The battle for hearts, minds, and wallets of people who need to store their business and personal files continued Monday with Google claiming that Google Drive now sports 1 million paying customers. And by customers, Google means organizations.
The “paying” part of that sentence is a big deal, because many vendors in this arena offer free accounts and it’s hard to convert freeloaders to paid users. Google (GOOG) offers users 15GB of free storage spread across Google Drive, Gmail, and Google photos. Users pay $1.99 per month for 100 GB and tiered pricing goes up from there.
Competitor Box (BOX) claims 50,000 paying users and on its website Dropbox says 100,000 companies use its paid Dropbox for Business service. [This just in: Dropbox founder and CEO Drew Houston just claimed 130,000 organizations pay for the business product and Dropbox has more than 8 million business customers overall. Houston was speaking at Techcrunch Disrupt.]
Google also said that Drive, and the rest of the Google Apps for Works products has earned the new ISO/IEC 27018:2014 privacy standard. Microsoft OneDrive and Dropbox for Business already carry that designation.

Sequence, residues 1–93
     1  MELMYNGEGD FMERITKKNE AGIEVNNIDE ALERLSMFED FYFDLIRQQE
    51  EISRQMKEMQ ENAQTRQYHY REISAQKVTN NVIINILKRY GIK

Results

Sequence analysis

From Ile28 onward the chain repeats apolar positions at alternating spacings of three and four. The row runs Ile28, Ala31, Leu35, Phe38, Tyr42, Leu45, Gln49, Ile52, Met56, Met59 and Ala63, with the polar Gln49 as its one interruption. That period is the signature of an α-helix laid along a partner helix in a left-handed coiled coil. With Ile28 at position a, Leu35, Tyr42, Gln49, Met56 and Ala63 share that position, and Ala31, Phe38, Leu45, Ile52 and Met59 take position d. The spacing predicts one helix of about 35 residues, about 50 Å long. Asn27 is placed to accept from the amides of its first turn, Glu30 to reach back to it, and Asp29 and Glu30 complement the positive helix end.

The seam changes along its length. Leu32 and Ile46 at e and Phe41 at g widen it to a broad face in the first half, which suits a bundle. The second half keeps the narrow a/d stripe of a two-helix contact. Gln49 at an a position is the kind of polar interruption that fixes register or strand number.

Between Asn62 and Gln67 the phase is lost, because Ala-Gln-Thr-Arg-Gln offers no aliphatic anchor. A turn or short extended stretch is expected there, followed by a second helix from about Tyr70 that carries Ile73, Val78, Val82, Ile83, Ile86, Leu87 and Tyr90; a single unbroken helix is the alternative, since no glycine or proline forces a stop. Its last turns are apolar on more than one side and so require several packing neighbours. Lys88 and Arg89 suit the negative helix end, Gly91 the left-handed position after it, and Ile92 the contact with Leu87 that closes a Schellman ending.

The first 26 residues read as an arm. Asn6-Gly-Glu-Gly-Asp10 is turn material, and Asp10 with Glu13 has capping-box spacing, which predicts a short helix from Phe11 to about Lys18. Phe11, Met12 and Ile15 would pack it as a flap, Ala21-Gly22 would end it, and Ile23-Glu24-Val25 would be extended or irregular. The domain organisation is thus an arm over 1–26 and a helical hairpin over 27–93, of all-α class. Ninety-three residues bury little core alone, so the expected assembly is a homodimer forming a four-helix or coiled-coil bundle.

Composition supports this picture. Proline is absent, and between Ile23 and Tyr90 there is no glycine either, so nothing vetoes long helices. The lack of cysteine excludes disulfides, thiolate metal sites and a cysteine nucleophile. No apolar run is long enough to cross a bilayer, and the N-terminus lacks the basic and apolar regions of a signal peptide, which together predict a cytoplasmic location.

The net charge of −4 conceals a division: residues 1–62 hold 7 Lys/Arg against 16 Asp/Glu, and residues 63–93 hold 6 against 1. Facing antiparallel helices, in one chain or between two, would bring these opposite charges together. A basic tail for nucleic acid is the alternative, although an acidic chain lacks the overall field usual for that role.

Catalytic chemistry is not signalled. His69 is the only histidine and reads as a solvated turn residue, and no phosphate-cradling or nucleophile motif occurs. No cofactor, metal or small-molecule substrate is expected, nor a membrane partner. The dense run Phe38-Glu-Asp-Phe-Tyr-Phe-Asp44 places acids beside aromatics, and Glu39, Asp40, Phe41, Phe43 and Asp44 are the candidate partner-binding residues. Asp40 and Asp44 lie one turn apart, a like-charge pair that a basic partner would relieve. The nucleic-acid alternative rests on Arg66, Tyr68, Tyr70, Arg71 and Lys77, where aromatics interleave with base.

Products which sport this new certification show that a third-party has validated their adherence to privacy practices important to high regulated companies or even those many others that are concerned that private data stay private.
The battle for cloud storage market share is critical. Vendors know that once a customers’ documents, photos, music, or what-have-you is put in any given cloud, inertia sets in. Moving all that stuff somewhere else tends to be slow and painful, and can be expensive when you factor in outbound bandwidth charges.
That tendency for data to stay put is equally if not more true in the aggregate for companies storing reams of information in a cloud. That’s why Amazon (AMZN) Web Services last week announced a new tiered option for its Simple Storage Service (S3) cloud storage.
This less-expensive option targets data that may be needed infrequently but more often that data sent to Amazon’s archival (and slower) Glacier storage service. The thought process here is customers will pay more for data they need often and less to store infrequently-needed data and still less for data that is essentially in cold storage and may never need to see the light of day again.
Google, by the way, announced Nearline, its response to Glacier archival storage in March.
Since storage is, in fact, so sticky watch for more round-robin cloud storage announcements from these players in coming months.
For an early look at Google’s cloud ambitions, check out the video.
Subscribe to Data Sheet, Fortune’s daily newsletter on the business of technology.
This story was updated at 2:01 p.m. EST with the latest Dropbox for Business numbers claimed by Drew Houston.